push them as far forward as possible for the second to land. When I
enlarge the aerial photos the second bird is clearly perpendicular up
against my boat on the flight deck.
Thanks again fellows for your contributions. This satisfies my
curiousity and fits pretty closely to what I remember.
The only remaining item would be to thank the crewmember(s) that took
these shots for me if we can find them.
After emailing to Jerry and hearing what he had to say, I think the
stories of Air America duty did not apply to their current mission on
Epping Forest to chart Cam Ranh Bay. It may have been a previous
assignment by a crew member (PJ Carl?) telling some wide eyed sailors
about previous missions into Laos. I really don't know where the birds
took Force Recon on a daily basis, but UDT swam the 3 Fathom curve (9'
Depth to shoreline)charting on plexiglas clipboards with grease pencil
(that's what it looked like)while our minesweeping boats threw leadlines
in deeper waters around the perimeter of Cam Ranh Bay. All of us recall
the Jellyfish slime all over our hands from doing this job. At times it
appeared you could walk across the bay on jellyfish. The official
"story" (scuttlebutt?) was that force Recon was our shoreline security
We did fly several photo missions in various areas and also worked the
Cam-Rahn bay area, putting Recon Marines on the beach as security for the
No there was no "crossing the fence" or other operations that would
considered outside of the "box". As for Air America, P J Carl may have had
some connection to them in a previous life but you need to contact him for
By the way there was one exciting event during the deployment, I changed
clutch on my A/C YK-4 and spent a few days at an Army base near Na-Trang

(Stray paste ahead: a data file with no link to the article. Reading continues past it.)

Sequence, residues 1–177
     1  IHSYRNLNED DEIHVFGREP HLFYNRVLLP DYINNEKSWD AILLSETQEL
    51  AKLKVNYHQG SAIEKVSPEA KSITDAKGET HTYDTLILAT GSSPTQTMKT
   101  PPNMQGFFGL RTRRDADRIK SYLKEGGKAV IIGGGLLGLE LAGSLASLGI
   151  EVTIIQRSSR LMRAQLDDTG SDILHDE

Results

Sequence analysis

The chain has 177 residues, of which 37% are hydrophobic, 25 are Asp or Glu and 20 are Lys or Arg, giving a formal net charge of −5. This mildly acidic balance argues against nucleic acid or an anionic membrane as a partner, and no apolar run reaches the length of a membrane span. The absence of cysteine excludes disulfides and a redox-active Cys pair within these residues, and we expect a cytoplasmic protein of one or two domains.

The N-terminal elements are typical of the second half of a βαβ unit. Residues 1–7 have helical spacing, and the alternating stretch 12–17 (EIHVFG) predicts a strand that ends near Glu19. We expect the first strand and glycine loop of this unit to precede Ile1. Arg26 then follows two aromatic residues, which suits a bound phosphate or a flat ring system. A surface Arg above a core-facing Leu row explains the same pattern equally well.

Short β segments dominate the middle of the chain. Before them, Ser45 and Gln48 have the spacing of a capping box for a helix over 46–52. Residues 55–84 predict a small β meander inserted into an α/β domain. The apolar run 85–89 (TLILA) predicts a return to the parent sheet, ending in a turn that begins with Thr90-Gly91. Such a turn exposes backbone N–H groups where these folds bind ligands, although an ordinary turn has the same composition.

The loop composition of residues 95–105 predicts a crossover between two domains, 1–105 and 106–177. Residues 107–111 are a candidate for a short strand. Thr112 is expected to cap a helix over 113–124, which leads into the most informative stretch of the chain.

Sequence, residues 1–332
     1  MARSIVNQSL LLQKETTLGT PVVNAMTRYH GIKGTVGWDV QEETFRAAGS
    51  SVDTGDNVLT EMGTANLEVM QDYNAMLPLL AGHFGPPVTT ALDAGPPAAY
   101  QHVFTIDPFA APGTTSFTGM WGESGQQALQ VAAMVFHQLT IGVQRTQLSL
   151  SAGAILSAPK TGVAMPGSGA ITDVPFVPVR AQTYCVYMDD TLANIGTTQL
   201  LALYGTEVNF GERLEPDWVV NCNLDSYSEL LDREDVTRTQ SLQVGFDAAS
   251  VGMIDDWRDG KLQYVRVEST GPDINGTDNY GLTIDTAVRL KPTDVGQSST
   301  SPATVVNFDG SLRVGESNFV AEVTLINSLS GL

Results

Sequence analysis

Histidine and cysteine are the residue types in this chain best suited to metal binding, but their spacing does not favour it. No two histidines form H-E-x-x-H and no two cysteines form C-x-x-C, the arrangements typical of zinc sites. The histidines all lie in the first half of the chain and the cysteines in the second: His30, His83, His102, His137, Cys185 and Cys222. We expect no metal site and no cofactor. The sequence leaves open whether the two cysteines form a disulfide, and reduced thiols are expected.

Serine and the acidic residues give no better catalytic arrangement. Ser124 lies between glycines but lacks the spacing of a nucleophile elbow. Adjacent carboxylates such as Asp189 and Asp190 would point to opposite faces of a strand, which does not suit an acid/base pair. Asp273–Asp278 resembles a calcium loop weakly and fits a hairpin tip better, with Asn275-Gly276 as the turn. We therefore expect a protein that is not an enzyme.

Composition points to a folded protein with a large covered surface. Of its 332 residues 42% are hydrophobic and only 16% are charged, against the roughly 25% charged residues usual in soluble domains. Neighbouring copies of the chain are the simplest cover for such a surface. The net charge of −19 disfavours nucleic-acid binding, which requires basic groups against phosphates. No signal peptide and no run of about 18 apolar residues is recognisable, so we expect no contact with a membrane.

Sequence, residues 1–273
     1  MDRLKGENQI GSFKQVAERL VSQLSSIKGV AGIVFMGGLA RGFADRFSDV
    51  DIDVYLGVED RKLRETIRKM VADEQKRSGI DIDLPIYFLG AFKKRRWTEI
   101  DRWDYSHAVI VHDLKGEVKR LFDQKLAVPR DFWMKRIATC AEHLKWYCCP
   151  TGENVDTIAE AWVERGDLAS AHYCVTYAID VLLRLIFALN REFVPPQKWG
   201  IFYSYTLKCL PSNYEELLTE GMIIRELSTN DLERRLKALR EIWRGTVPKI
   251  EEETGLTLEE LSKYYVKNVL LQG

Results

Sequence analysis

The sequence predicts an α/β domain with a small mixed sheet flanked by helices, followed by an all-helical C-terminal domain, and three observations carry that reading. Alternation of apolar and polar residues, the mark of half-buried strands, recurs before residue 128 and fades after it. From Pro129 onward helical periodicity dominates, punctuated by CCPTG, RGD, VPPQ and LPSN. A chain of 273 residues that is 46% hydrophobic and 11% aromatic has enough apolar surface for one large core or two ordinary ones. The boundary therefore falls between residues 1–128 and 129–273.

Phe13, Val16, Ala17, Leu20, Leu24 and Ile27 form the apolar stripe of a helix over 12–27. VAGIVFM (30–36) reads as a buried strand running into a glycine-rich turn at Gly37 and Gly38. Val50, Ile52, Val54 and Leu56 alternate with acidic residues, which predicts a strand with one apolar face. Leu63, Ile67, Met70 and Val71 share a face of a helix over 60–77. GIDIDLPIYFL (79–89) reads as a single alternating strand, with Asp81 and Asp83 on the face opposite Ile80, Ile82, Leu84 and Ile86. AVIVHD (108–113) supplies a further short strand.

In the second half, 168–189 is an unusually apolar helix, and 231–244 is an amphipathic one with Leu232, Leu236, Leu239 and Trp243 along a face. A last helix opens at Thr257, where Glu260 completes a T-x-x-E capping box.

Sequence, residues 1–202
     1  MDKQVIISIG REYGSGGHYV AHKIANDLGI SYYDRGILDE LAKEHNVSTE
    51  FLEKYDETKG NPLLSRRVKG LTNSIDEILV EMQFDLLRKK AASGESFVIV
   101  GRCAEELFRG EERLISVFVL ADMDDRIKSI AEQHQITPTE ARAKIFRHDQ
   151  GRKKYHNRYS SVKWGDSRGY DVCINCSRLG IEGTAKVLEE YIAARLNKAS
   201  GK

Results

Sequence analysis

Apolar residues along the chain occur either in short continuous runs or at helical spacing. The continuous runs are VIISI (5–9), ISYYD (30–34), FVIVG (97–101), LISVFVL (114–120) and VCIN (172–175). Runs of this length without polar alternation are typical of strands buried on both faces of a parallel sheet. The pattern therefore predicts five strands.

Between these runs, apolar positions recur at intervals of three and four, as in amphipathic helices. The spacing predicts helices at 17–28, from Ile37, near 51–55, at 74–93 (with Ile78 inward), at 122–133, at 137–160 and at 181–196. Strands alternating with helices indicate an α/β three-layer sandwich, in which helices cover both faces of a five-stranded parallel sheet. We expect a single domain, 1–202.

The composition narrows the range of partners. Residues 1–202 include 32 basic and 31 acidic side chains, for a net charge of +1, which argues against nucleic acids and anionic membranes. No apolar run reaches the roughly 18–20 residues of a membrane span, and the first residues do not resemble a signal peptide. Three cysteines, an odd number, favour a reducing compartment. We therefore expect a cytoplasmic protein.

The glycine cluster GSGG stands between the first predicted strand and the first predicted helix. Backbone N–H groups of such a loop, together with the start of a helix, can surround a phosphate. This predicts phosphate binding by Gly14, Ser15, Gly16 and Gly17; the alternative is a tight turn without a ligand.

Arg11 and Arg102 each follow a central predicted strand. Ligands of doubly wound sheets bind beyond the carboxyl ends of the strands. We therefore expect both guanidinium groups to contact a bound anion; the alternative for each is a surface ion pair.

(sp?) doing it. Naturally it took the whole team to do it. While Na-Trang
we made friends with some of the Army helicopter troops stationed there and
actually flew some flights on their HR2S' and UH1 A/C.
Hope this input helps the story.
The Epping Forest Vacationers
from left rear, Capt. Kenneth B. Gosnell, 1stLt. Albert R. Rideout, 1st Lt. Charles C.
Wood, 1stLt Richard Theriault.
Front row L-R is Cpl. Joseph P. Heath, Cpl. Gerald M. Thomas, Sgt. Paul J. Carl, PFC. James L. Young.
Epping Forest was decommissioned and stricken from the Navy List on 1 November 1968.
She was sold for scrapping on 30 October 1969.
John Hudson BTCS USN (Ret.)
USS Epping Forest (MCS-7) August 1962 to November 1964
I spent my 23rd birthday with HMM-364 in Can Ranh Bay in July 1964. Quite a party, but I didn't know that the CIA was going to
We had two LVT-6's aboard Epping Forest in addition to HMM-364, and when they crawled to the beach near the local village, the
village evacuated. Evidently the locals had never seen and LVT before and thought it was some kind of sea monster or dragon.
All in all I was in and out of Vietnam from June 1960 to October 1972, with time out for the Dominican Republic in 1965. I guess I
just loved the income tax free status and the free mail.